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Lt. Gov. ‘impressed’ by Air Center, community involvement


Copyright © 2021 Roswell Daily Record

A recent tour of the Roswell Air Center by Lt. Gov. Howie Morales and local elected officials showed the economic potential of the aviation hub, but did not result in a list of legislative or funding priorities at this time.

New Mexico Lt. Gov. Howie Morales (File Photo)

Morales, who toured some of the Roswell Air Center businesses on Oct. 29 along with Roswell Mayor Dennis Kintigh and State Sen. Cliff Pirtle (R-Roswell), said that he anticipates that additional conversations could be occurring before the 2021 legislative session begins Jan. 19.

“I do think there will be more discussions to see what potential partnerships might be available,” Morales said.

As previously reported in the Roswell Daily Record, Morales also was in Roswell in late October for a “listening tour” to hear about the experiences and concerns of educators striving to educate students during the coronavirus crisis.

Morales said that he, Kintigh and Pirtle talked about the aviation technology job training program at Eastern New Mexico University-Roswell; toured the local hangar and facilities of Sceye Inc., which is developing a new type of airship at sites here and in Moriarty; discussed the airport terminal; and talked about some of the other businesses operating at the airfield.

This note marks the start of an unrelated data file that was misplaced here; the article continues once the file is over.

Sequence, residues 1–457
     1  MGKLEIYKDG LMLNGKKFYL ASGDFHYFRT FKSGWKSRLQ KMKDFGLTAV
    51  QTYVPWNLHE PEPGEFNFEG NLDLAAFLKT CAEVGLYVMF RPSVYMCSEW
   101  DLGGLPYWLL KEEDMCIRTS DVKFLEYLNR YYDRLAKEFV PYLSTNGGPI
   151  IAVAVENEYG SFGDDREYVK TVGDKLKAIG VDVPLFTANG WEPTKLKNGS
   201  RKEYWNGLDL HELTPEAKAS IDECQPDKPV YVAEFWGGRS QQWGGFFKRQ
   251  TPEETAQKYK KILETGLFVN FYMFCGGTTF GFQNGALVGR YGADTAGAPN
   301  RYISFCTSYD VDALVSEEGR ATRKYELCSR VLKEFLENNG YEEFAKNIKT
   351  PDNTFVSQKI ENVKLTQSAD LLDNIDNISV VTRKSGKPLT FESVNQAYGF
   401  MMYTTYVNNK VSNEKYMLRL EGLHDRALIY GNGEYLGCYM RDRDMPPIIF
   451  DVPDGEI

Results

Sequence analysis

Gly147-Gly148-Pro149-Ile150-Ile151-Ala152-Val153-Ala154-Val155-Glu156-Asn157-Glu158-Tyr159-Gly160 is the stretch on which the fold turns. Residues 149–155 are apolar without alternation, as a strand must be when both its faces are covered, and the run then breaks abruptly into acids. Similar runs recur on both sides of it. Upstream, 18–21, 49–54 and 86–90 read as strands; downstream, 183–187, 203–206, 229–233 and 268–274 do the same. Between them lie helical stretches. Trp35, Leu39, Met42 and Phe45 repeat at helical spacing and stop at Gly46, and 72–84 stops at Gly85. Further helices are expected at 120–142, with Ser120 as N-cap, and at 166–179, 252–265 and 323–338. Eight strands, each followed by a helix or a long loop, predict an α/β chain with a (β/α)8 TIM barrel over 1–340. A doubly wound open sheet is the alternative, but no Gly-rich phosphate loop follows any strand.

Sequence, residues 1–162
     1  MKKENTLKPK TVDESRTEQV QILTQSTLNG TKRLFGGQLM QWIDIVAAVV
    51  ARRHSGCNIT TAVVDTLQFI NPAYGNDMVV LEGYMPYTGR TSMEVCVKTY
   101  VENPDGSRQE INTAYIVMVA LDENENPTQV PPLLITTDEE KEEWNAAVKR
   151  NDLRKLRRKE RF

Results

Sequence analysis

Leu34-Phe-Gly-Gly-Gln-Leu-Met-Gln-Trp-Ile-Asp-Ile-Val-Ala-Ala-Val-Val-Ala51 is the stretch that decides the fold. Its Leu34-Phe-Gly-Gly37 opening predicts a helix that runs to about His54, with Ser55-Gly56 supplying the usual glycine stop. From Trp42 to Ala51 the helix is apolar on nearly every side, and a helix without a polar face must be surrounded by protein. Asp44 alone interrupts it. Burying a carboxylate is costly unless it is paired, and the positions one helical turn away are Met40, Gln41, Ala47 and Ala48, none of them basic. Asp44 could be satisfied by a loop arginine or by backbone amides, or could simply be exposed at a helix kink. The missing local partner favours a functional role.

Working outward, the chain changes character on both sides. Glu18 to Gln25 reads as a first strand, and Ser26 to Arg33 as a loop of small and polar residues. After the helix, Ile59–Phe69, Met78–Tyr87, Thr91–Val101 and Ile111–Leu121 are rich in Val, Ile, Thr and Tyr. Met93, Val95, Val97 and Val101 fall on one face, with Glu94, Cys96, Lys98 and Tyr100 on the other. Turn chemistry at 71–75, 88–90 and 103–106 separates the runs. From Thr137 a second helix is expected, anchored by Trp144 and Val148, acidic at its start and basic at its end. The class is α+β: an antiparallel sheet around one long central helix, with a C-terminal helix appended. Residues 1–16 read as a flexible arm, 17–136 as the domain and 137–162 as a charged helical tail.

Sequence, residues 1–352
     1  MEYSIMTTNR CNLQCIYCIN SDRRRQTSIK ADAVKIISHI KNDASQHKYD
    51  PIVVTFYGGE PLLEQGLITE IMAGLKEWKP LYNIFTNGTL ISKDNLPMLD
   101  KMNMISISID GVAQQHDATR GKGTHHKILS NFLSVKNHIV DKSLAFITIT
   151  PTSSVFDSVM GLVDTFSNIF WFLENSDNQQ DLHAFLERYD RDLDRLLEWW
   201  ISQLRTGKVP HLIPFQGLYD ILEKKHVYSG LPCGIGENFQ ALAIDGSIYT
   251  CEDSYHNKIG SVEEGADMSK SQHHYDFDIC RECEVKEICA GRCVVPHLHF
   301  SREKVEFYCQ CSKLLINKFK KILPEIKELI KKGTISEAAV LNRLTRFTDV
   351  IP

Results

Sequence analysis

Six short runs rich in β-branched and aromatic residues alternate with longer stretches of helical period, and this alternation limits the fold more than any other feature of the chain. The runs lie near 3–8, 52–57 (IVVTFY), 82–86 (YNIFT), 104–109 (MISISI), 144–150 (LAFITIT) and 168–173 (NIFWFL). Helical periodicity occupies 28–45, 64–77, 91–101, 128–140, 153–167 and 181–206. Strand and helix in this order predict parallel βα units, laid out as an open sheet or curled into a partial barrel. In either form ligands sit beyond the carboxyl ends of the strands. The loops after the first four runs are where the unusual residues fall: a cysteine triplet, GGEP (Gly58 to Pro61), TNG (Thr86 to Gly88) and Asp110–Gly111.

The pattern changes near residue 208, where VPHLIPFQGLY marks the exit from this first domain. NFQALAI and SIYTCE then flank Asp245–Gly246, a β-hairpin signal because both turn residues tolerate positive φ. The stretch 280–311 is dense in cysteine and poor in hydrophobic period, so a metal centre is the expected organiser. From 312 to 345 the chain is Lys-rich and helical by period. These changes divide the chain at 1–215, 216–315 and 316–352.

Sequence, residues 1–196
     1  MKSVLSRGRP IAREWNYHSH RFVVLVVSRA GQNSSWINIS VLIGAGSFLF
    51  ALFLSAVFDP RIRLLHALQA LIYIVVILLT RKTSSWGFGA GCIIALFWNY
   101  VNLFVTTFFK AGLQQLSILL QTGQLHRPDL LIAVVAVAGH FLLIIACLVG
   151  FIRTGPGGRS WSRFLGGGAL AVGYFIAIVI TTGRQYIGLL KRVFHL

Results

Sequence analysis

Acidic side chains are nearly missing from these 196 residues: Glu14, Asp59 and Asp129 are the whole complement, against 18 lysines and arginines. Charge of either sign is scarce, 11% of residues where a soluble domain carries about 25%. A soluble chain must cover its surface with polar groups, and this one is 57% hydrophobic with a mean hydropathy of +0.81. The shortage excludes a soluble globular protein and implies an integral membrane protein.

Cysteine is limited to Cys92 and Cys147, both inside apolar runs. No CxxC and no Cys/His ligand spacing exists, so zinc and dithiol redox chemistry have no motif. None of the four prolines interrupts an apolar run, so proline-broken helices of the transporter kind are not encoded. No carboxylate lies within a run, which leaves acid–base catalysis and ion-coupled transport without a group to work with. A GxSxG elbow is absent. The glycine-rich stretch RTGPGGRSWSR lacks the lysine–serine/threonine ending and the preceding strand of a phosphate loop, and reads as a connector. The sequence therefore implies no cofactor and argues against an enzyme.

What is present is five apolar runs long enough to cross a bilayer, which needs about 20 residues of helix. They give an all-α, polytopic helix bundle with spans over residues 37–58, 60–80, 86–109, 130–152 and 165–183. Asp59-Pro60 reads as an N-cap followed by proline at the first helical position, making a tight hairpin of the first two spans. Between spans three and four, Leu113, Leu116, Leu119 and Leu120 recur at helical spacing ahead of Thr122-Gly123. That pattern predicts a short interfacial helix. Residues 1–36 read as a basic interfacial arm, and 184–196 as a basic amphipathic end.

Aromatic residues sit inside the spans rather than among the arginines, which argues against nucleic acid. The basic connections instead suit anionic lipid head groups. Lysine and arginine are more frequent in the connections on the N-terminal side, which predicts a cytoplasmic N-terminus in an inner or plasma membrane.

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“It was impressive just to see that type of research and development taking place in Chaves County and then the collaboration that is there with the local government, with the city and with Eastern,” he said.

The Roswell Air Center, while experiencing difficulties due to the COVID-19 pandemic, has seen some new developments as well.

It has seen huge growth in its storage of commercial airline planes that have been grounded as worldwide air travel has slowed. It now has about 500 airplanes, or somewhere near $20 billion worth of aircraft, stored at the airfield, with local maintenance, repair and overhaul (MRO) businesses working to ensure that the planes are maintained as needed. Kintigh said that one plane means about two full-time jobs.

United, Frontier, American Airlines, Air New Zealand, Icelandic Air and Copa Airlines of Panama are among the companies storing planes here.

Sceye, which built its hangar here in 2017, also is a business of interest to state officials, who have provided $5 million in Local Economic Development Act funds for the company’s $40 million planned expansion somewhere in New Mexico once it begins to develop its much larger commercial airships.

In addition, Ascent Aviation Services of Arizona, a full-service MRO, has received local legislative allocations and state funds to expand to the Roswell Air Center.

The company has said it plans to hire about 100 to 120 aviation mechanics and support staff after its new hangar on the west side of the airfield is built, which should be in about a year. Eventually it intends to have 360 local employees.

Kintigh said that the hangar project is complex due to the number of entities involved and that an update is expected to be given during the Roswell City Council meeting on Thursday.

Senior Writer Lisa Dunlap can be reached at 575-622-7710, ext. 351, or at reporter02@rdrnews.com.

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Lisa Dunlap is a general assignment reporter for the Roswell Daily Record.